clear-cut, hawklike features. “State your case,” said he, in brisk,
business tones.
I felt that my position was an embarrassing one. “You will, I am sure,
excuse me,” I said, rising from my chair.
To my surprise, the young lady held up her gloved hand to detain me.
“If your friend,” she said, “would be good enough to stop, he might be
of inestimable service to me.”
I relapsed into my chair.
“Briefly,” she continued, “the facts are these. My father was an
officer in an Indian regiment who sent me home when I was quite a
child. My mother was dead, and I had no relative in England. I was
placed, however, in a comfortable boarding establishment at Edinburgh,
and there I remained until I was seventeen years of age. In the year
1878 my father, who was senior captain of his regiment, obtained twelve
months’ leave and came home. He telegraphed to me from London that he
had arrived all safe, and directed me to come down at once, giving the
Langham Hotel as his address. His message, as I remember, was full of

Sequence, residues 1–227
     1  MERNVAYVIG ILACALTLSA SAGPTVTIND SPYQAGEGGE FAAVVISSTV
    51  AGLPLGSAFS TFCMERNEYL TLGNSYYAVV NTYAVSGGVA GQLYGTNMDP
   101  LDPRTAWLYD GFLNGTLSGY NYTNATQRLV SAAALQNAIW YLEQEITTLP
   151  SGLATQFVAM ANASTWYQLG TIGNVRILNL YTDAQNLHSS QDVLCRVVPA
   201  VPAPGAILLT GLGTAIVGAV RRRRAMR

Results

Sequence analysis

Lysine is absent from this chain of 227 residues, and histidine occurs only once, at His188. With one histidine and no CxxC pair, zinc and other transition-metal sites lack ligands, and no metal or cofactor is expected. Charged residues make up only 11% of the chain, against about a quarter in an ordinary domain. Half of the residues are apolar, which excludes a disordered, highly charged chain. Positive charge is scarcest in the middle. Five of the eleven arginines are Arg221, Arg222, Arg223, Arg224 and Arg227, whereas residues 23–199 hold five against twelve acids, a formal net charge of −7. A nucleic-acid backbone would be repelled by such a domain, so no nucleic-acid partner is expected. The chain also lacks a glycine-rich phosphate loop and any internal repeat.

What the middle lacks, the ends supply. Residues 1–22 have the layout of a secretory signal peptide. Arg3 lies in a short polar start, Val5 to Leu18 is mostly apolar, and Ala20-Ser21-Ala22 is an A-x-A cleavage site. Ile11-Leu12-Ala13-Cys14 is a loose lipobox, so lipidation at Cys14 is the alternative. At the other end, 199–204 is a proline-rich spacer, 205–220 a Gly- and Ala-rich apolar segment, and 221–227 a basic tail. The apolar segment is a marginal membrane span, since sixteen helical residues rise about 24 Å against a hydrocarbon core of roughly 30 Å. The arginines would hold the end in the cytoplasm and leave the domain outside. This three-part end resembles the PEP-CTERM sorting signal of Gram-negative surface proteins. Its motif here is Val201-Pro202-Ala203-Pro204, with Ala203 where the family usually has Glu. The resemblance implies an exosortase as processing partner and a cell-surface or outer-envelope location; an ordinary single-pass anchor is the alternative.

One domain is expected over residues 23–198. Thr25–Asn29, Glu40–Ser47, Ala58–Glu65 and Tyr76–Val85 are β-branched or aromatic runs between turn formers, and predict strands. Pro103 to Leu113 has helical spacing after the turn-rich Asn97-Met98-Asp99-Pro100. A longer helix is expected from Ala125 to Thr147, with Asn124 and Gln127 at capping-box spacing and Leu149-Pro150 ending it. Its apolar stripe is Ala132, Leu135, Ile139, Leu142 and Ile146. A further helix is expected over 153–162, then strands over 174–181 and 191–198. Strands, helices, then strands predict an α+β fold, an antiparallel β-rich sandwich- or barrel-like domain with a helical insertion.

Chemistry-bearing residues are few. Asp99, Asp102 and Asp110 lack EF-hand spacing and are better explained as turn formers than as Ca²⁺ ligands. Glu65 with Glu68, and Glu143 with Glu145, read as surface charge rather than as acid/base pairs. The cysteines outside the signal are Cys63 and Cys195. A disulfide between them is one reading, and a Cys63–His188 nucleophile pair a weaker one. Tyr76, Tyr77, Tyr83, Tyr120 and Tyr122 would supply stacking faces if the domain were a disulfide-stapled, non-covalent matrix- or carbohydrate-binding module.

kindness and love. On reaching London I drove to the Langham, and was
informed that Captain Morstan was staying there, but that he had gone
out the night before and had not yet returned. I waited all day without
news of him. That night, on the advice of the manager of the hotel, I
communicated with the police, and next morning we advertised in all the
papers. Our inquiries led to no result; and from that day to this no
word has ever been heard of my unfortunate father. He came home with
his heart full of hope, to find some peace, some comfort, and
instead–” She put her hand to her throat, and a choking sob cut short
the sentence.
“The date?” asked Holmes, opening his note-book.